Shop Talk with Brick & Mortar

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"I'll never put anyone's trucks on backwards. I'll never give someone a shitty grip job. - Hondo. Photo: Chris Swainston

In case you haven’t noticed, SLC is growing massively. I’ve been told that the new Zion metropolis rising in downtown is the biggest uprise in the country right now. A new restaurant and coffee shop pop up every month, but what about a legit skate shop in the downtown area? It’s not that I don’t have tons of love for all the shops I’ve grown up with (Milo, Saltys, Blindside, Technique) it’s just that I don’t want to drive all the way to 21st or 33rd just for a sheet of grip. We’ve had a few attempts, but they’ve never stuck around––too much die-cut grip is my guess. There is a time for everything, and I think the time is now for SLC’s first ever skate-only shop. The task is being tackled by a man with one name: Hondo. He opened the doors of Brick & Mortar (561 W 200 S) on July 31. It’s a fresh lookin’ shop, but don’t get confused, it’s not FICE in there. Hondo says, “The way I see it, I can’t sell a pair of pants for $200 when that’s 20 hours of work or half of someone’s rent.” You’re only going to find useful skate products in this shop. I rolled over to Brick & Mortar to get the low down on the shop and how Hondo thinks he’ll fare as a skate-only shop in a state whose slogan was once: “The greatest snow on earth.”

SLUG: Let’s start with why you wanted to start a shop in the middle of a recession.
Hondo: I’ve always wanted a shop. I finished college and I was like, you know what, there is no better time to start a shop here in Salt Lake where it’s cheap and there is a good skate scene. The skate scene here is huge, but it’s so scattered—I just felt like there needed to be a central location.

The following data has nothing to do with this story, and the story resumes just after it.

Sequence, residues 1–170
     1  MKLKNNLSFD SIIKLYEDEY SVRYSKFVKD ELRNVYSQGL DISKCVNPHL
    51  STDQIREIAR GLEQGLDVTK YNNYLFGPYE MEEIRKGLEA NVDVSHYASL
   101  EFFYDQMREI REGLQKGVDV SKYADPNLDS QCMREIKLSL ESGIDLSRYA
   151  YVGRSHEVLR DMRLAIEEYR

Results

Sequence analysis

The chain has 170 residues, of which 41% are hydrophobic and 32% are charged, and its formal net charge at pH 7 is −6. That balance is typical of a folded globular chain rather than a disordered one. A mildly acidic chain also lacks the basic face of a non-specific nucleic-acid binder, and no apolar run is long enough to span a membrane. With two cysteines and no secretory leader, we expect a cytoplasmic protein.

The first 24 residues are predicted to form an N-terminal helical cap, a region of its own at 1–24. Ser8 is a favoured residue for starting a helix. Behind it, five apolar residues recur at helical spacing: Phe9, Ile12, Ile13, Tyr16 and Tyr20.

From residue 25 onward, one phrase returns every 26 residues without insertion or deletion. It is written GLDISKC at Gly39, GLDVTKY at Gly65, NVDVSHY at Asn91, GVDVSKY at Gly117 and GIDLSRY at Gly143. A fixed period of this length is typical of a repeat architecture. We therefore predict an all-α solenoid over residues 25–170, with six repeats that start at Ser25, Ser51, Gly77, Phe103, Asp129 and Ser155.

: What’s going to be different about your shop that will make it last?
Hondo: There are no snowboards, first of all. It’s just skateboarding in here. I’m a skate shop that carries skateboards and cares about skateboarding. I think there are enough people here that feel the same way. I want to buy my skate products from a skate shop ... I’ll never put anyone’s trucks on backwards. I’ll never give someone a shitty grip job. I’ve grown up with skateboarding for 14 years. I know what it’s like to be stoked on a skate video and want to skate your favorite pro’s board just because you’re stoked on him.

SLUG: What are some things you’re going to do that’ll make your shop unique compared to the others?
Hondo: I just got my projector so I’m going to try and have monthly video premiers. Weekly games of skate every Friday at 7pm. Hopefully some art shows with local skate-related artists and I want to get a big collection of skate videos to rent like a Blockbuster where you can rent your favorite skate video for three days.

SLUG: How do you think our six months of winter will affect you as a skate shop?
Hondo: If they can do it in Boise, we can do it here. You can pretty much skate here all year round if you really want to. Also, having video premiers in the winter and still doing events that keep people skateboarding. Winter’s going to be a test, but we’ll get to that when it comes.

SLUG: One thing you’ve made a strong point about is that Brick & Mortar is a raw skate shop that doesn’t carry the gimmicky skate goods. What are some of the brands you’ve chosen to bring in that supports that?
Hondo: With all the hard goods, I brought in all my favorite brands: Blueprint, a company out of London; Traffic, ‘cause of how they represent street skating. I’ve always loved Stereo, Death Wish, Krew, Venture and Indy trucks. With the clothes and shoes, it’s a lot of the basic stuff like Elwood, Matix, Lakai, DVS. I don’t carry any of that limited edition stuff. I just want to stay strictly skateboarding. We’re not in LA and we’re not in New York.

: It’s been short and sweet, but that seems to cover it. Any last words?
Hondo: I just need to get people into the store. I swear kids can’t read anymore––the Utah education system is failing us. I pass out flyers to kids and they can’t find the address written in big numbers and letters at the bottom of the flyers, 561 W 200 S.